Christina Palabay bit her lip and closed her eyes as the mobile phone beeped a text message alert.
“Please, please,” the secretary general of rights group Karapatan muttered. “No more delays, please.”
Palabay opened her eyes, screamed and hugged a fellow rights worker beside her.
“Ka Bart’s having his medical exams now!” Karapatan staff cheered.
Palabay and more than a 100 other para-legals, lawyers, and support groups for political prisoners nationwide have been sprinting across courtrooms nationwide since August 5, to secure the release of 22 National Democratic Front of the Philippines (NDFP) consultants in time for the resumption of long-stalled peace talks.
This was after the Supreme Court ruled on August 5 that local courts have the jurisdiction over release proceedings for jailed NDF consultants.
The process of releasing political prisoners, including rebel consultants arrested despite an agreement on safety and immunity guarantees, caused a slight delay in the resumption of peace talks between President Rodrigo Duterte’s government and Asia’s longest-running communist insurgency.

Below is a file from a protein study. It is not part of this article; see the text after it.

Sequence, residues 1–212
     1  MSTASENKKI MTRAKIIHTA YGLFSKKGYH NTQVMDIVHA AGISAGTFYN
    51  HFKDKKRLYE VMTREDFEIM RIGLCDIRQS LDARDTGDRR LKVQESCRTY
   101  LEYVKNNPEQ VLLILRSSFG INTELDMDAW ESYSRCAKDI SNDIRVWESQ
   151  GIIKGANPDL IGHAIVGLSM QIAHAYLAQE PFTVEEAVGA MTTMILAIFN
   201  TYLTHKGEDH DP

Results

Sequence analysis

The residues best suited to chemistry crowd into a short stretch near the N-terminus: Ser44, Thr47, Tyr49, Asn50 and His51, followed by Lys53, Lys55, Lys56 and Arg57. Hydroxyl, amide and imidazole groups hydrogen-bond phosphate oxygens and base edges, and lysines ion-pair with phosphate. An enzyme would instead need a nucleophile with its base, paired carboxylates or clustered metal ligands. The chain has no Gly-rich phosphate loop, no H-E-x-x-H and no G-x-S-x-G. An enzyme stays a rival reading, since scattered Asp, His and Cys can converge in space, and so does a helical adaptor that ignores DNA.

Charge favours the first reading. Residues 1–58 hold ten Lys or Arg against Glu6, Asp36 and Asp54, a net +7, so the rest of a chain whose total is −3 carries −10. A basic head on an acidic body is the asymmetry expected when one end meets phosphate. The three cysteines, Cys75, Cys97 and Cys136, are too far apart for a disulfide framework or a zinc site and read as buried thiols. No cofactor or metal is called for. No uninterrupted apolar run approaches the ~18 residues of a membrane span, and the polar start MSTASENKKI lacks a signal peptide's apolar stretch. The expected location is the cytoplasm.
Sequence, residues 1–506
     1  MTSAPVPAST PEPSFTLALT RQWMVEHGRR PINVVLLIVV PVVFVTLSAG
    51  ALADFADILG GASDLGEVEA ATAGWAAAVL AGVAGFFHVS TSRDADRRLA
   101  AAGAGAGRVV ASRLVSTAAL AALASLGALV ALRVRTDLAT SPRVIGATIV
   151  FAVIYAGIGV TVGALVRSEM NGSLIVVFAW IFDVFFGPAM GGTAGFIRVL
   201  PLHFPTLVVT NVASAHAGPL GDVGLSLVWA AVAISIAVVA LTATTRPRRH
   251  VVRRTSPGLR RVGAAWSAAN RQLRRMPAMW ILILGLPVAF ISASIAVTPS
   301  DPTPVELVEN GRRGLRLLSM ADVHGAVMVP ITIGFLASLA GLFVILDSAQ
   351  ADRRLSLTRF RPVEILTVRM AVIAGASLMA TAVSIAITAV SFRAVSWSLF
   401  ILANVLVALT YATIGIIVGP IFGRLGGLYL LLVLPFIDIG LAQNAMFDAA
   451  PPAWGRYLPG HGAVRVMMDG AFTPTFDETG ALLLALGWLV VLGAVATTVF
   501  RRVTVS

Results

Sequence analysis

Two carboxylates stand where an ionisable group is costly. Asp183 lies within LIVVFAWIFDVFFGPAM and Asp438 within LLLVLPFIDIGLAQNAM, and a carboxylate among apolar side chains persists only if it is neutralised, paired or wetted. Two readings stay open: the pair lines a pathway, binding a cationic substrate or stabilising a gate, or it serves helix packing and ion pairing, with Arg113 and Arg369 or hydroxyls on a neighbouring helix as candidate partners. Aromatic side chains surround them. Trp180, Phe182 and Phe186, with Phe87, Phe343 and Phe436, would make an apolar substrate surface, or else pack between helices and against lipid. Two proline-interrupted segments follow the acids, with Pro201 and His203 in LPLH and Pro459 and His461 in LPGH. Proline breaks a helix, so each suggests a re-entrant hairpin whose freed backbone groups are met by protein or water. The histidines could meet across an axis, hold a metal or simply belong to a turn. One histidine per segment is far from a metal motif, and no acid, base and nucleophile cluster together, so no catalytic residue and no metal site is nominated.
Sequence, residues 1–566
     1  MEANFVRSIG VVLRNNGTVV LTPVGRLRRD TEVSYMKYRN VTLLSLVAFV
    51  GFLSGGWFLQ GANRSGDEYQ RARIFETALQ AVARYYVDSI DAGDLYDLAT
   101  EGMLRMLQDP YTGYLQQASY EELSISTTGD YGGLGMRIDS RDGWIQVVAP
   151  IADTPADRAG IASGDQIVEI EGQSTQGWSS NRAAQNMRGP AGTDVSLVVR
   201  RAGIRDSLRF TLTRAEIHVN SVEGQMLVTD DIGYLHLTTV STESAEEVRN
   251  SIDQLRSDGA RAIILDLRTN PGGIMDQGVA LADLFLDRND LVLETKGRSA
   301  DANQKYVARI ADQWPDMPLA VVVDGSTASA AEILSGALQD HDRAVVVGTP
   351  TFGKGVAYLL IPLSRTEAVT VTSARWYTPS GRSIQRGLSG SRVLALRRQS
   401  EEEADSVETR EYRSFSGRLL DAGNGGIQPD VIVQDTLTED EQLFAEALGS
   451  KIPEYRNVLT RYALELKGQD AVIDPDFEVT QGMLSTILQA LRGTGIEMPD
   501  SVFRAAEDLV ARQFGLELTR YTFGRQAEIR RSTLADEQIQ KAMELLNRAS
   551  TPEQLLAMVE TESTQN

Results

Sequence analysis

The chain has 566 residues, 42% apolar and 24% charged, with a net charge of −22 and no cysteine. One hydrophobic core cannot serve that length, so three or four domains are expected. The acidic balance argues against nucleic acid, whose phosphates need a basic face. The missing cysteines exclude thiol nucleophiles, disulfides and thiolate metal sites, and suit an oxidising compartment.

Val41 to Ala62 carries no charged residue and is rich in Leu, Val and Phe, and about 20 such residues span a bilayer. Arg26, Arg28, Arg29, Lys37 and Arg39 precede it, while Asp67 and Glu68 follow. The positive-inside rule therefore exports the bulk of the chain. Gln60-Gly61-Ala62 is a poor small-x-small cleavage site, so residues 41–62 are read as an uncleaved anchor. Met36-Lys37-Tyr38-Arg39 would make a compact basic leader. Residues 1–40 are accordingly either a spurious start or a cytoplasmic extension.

The 62-year-old “Ka Bart” is Tirso Alcantara, former spokesman for the NDF-Southern Tagalog region in the 1986-1987 peace talks. He was the fall guy for every charge frustrated Armed Forces of the Philippines (AFP) officials had wanted to slap on the late Gregorio Rosal (Ka Roger), the elusive chief of the New People’s Army Melito Glor Command.
"New cases are filed against him every so often," Palabay told ABS-CBNNews. "Different judges have different procedures. Some allow one release process and bail for a bunch of related cases. Others insist on bail for each charge. We didn't want new complications."
So far, eight of 22 detained NDF consultants, and holders of immunity guarantees have walked free: Alcantara, Alan Jazmines, Renante Gamara and Ernesto Lorenzo were released late afternoon from Camp Bagong Diwa in Bicutan.
Released Tuesday and early Wednesday were Kennedy Bangibang, Ruben Saluta, Jaime Soledad. Couple Alex and Winona Birondo were released on humanitarian grounds. Iloilo-based NDF consultant Concha Araneta Bocala was also released late afternoon.
Palabay expects couple Benito and Wilma Tiamzon to walk out of prison Thursday as the last two release orders were signed by courts in the Visayas today.